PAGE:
With support from the Knight Foundation, the Steve Fund has partnered with the Crisis Text Line to provide a text messaging service to improve the critically needed access for young people of color to crisis counseling. Young persons of color who feel down, stressed or overwhelmed can text “STEVE” to 741741 and a live, trained Crisis Counselor will receive the text and respond to them quickly to provide support.

The Steve Fund and The Jed Foundation have also partnered to create the Equal Chance at Mental Health Framework with expert-consensus recommendations for America’s colleges and universities to better support the mental health and emotional well-being of students of color. This framework is based on: a systematic literature review; a survey of existing evidence-based programs; expert input from mental health and higher education leaders; and a survey of more than 1,000 students.

The Equal Chance at Mental Health Framework will be released in 2017. To sign up for updates about this Framework, please visit http://www.equalchanceatmentalhealth.org/

With people of color forming the majority of Americans by 2044 (and for children already by 2020), the future success of our nation will depend on the mental health and emotional well-being of all student populations, and on colleges and universities to provide support appropriately.

The hate crime at American University is another reminder of the urgency and importance of taking action. Students of color deserve an equal chance at emotional well-being and mental health.





May is Mental Health Awareness Month

Posted: May 1, 2017 9:57 pm
 

May is Mental Health Awareness Month. Mental illnesses affect everybody, but certain groups, like certain students of color, are up to twice less likely to seek treatment.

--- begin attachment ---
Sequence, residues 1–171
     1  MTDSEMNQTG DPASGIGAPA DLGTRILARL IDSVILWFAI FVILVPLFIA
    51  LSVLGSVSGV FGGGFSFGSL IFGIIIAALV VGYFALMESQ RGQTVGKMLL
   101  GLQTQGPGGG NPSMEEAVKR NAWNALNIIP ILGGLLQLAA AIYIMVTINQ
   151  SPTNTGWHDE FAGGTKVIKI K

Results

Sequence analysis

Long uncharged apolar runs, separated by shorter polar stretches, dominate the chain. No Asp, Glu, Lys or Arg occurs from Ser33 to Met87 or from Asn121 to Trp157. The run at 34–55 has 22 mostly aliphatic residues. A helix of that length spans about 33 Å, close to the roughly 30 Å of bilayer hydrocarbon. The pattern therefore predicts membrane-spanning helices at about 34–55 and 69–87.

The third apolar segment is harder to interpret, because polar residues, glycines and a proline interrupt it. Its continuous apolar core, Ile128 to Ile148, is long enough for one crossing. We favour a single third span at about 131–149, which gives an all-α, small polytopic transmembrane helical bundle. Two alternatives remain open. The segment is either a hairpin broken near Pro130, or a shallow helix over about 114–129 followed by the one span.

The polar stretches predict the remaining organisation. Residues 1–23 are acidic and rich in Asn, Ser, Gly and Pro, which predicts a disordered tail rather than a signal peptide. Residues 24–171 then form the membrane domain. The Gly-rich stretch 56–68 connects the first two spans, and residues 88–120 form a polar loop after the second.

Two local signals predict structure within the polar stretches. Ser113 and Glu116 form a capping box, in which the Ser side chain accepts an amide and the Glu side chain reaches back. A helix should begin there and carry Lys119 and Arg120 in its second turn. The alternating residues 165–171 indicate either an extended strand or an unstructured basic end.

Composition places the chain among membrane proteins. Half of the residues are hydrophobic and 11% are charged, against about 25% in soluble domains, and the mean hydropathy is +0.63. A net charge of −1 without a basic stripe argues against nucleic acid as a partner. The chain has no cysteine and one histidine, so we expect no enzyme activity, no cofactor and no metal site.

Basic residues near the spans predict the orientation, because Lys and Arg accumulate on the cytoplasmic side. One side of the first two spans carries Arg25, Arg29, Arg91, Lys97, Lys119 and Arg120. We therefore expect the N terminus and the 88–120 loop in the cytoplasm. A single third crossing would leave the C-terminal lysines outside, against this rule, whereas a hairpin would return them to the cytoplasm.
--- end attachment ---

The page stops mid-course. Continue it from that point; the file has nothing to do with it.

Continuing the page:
Are you a young person of color? Feeling down, stressed or overwhelmed? Text STEVE to 741741 and a live, trained Crisis Counselor will receive the text and respond to you quickly to provide support. The volunteer Crisis Counselor will help you move from a hot moment to a cool moment.

With support from the Knight Foundation, the Steve Fund has partnered with Crisis Text Line to provide this text messaging service as a means to improve the critically needed access for young people of color to crisis counseling. The Fund views text messaging as a key component of its strategy towards addressing the unmet mental health needs of this population. The Steve Fund is now actively recruiting a group of young people of color into the Crisis Text Line training program to become crisis counselors on their platform. If you are interested in applying to be a Crisis Counselor, supporting the mental health needs of young people of color, please visit www.crisistextline.org/the-steve-fund or learn more here, apply to be a volunteer or download the Steve Fund Crisis Text Line Flyers here.

The Steve Fund is the nation’s only organization focused on the mental health and emotional well-being of students of color. Right at this moment, there are students of color who are failing academically, suffering emotionally and/OR in some cases are facing serious risk, because population-specific factors influencing mental health are too poorly understood and not acted upon.

The Steve Fund recently has:

 

To keep up to date and/or learn more about the Steve Fund’s activities, please sign up for our email updates here.





Dr. Terri Wright, Renowned Public Health Leader, Takes Helm at Steve Fund

Posted: April 5, 2017 7:20 pm
 

For immediate release

DR. TERRI WRIGHT, RENOWNED PUBLIC HEALTH LEADER, TAKES HELM AT NON-PROFIT FOCUSED ON MENTAL HEALTH OF STUDENTS OF COLOR

Terri D. Wright, PhD, MPH, a leading public health education and policy expert, has been named Executive Director of the Steve Fund, the nation’s only non-profit focused on the mental health of students of color.

NEW YORK, NY, April 6, 2017 — Terri D. Wright, PhD, MPH, an experienced and nationally renowned public health education and policy expert, has  joined the Steve Fund as the organization’s first Executive Director. The two-year-old non-profit is the nation’s only organization focused on the mental health and emotional well-being of students of color.